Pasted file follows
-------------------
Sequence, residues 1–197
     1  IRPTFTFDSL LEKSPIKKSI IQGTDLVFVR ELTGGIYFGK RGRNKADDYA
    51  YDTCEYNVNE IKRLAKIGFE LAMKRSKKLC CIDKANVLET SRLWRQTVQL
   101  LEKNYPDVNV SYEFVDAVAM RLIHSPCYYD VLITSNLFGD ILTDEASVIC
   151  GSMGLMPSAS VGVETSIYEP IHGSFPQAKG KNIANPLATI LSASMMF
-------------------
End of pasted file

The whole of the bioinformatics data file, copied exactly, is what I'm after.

Sequence, residues 1–197
     1  IRPTFTFDSL LEKSPIKKSI IQGTDLVFVR ELTGGIYFGK RGRNKADDYA
    51  YDTCEYNVNE IKRLAKIGFE LAMKRSKKLC CIDKANVLET SRLWRQTVQL
   101  LEKNYPDVNV SYEFVDAVAM RLIHSPCYYD VLITSNLFGD ILTDEASVIC
   151  GSMGLMPSAS VGVETSIYEP IHGSFPQAKG KNIANPLATI LSASMMF